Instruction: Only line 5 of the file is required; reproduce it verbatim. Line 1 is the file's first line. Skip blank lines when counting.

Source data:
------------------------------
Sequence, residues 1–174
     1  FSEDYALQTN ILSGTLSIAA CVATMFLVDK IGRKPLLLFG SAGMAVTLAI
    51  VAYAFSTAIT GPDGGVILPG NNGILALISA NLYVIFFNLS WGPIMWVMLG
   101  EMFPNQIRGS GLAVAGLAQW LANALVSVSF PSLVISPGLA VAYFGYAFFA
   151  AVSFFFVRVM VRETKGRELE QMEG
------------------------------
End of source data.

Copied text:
   151  AVSFFFVRVM VRETKGRELE QMEG